Big shoes illustrate important lesson at James Lane Allen
When explaining an idiom like “walk a mile in someone else’s shoes” to younger students, sometimes it’s best to stick with a tangible example. That’s why Lora Magness stopped by Goodwill to pick up three scuffed pairs of oversized men’s shoes for kids at James Lane Allen Elementary to try. It was all part of an after-school lesson on empathy; it’s an abstract concept to teach youngsters, but one that will serve them well as they practice social/emotional skills.
Magness, a district mental health specialist, leads one-hour sessions on Monday afternoons thanks to a two-year grant from the Governor’s Emergency Education Relief Fund (GEER). Madeline Potter, the Family Resource Center coordinator at James Lane Allen, had applied for the COVID-related grant to bolster mental health services, including crisis intervention and one-on-one therapy. “We are seeing a high number of students with increased depression, anxiety –just a lot of problems. They’re different than they were a couple of years ago,” she said. Magness agreed, adding, “Isolation is not healthy in the social development of children. It’s not normal for kids not to be around kids.”
Potter lined up Magness for the weekly lessons with about two dozen third, fourth, and fifth graders in the school’s 21st Century Program, which provides enrichment activities for qualifying children. “It’s like they have a toolbox for how to deal with things and identify their emotions. We talk a lot about kindness and helping others,” Potter said. “This class helps them to feel comfortable in their school and to feel supported.”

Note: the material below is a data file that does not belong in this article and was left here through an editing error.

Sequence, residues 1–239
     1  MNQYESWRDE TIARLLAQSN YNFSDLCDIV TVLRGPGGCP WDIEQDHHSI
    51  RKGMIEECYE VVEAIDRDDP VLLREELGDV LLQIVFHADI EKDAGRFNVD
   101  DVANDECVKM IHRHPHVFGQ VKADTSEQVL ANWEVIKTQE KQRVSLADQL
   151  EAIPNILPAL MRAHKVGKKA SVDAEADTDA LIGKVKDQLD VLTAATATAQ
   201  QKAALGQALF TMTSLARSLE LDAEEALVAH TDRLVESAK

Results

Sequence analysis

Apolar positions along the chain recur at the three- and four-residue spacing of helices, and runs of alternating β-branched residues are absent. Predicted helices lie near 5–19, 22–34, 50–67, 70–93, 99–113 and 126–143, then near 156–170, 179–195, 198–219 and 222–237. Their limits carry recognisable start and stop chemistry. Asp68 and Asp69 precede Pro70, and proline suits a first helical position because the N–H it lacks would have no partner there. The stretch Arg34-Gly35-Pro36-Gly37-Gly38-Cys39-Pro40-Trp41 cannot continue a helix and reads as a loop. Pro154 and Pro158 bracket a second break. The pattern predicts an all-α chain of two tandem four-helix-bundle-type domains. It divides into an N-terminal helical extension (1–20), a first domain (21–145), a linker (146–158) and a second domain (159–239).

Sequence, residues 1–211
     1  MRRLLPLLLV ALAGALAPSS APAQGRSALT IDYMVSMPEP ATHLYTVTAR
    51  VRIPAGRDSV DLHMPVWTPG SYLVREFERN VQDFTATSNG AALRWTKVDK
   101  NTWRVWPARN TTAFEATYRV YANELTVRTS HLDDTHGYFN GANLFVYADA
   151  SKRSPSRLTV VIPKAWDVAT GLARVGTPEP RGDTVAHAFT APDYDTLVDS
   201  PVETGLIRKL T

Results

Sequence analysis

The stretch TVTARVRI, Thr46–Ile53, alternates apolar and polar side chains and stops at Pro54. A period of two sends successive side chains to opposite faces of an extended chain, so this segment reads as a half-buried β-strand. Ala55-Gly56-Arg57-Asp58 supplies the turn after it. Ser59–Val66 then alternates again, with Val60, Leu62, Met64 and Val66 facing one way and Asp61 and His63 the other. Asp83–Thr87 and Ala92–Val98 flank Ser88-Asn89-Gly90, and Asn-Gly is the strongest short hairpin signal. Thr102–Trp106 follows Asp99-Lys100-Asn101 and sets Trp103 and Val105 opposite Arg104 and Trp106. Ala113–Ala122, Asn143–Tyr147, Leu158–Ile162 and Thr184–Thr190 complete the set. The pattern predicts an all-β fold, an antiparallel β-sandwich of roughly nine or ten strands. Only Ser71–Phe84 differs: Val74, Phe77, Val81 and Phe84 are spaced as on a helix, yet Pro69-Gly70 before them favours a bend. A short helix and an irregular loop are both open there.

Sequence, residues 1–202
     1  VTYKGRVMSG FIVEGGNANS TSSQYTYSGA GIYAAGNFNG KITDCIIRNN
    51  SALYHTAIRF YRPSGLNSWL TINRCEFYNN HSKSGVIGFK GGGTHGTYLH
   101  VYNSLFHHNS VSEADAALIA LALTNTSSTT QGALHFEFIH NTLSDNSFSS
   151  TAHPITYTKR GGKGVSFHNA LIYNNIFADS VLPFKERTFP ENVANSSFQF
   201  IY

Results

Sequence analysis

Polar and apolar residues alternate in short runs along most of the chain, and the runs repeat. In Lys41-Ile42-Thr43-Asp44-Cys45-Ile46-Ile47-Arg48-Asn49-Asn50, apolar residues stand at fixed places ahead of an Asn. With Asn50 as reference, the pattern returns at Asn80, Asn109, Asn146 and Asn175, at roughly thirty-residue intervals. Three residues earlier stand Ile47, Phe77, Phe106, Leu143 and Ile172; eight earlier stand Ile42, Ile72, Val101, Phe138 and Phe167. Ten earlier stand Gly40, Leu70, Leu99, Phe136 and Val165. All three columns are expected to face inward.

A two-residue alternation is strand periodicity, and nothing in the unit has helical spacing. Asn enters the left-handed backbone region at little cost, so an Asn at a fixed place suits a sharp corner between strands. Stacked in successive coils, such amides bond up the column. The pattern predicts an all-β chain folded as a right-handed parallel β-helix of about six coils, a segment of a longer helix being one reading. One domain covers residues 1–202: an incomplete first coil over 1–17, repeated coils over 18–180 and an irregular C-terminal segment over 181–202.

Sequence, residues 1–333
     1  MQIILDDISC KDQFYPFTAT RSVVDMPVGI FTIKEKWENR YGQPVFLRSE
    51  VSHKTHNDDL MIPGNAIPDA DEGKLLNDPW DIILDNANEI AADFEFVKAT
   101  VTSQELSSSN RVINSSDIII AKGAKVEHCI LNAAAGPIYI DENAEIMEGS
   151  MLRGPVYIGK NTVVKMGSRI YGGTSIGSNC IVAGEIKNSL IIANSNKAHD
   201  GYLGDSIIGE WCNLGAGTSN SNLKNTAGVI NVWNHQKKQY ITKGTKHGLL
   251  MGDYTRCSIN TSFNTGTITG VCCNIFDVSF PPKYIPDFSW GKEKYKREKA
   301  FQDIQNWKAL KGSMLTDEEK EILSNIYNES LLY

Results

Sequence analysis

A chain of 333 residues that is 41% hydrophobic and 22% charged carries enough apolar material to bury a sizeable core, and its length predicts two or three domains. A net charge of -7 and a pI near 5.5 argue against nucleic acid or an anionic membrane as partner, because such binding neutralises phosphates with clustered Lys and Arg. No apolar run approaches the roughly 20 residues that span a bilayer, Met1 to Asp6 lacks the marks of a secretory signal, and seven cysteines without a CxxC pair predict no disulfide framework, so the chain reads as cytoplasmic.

The group has explored the interaction of their thoughts, feelings, and behaviors; and they have practiced coping strategies like deep breathing. In one exercise, Magness tossed balls onto a parachute on the gym floor, labeling each color a different emotion such as red for anger. The students found it hard to knock out one particular color, which illustrated how their emotions are entangled.
When trying on the big shoes, each child took a turn walking the width of the basketball court and back. Each also selected a slip of paper with a short scenario to discuss with their team, such as what do you say to a friend who returns to school after their grandmother’s funeral, and how do you respond if someone makes fun of your clothes. Afterward, the group sat on the floor in a circle to recap the meaning and importance of empathy. “It’s the idea of taking ‘walking in someone else’s shoes’ and bringing it to life. We all need different things, and empathy is seeing and recognizing that and meeting those needs,” Magness explained.
She expects the series of classes to yield long-term results. “The goal is to help kids build healthy relationships and build resiliency so that as we get older, hopefully we’re modeling for the community what this looks like,” she said. “If we can come at it from a creative lens, it helps them get the message and then take it home.”
Did you know? Nearly two dozen Family Resource Centers and Youth Service Centers in Fayette County Public Schools received the two-year GEER grant. They are using the money for a variety of initiatives, including mental health services, childcare, and home visits with students’ families.
Posted March 24, 2022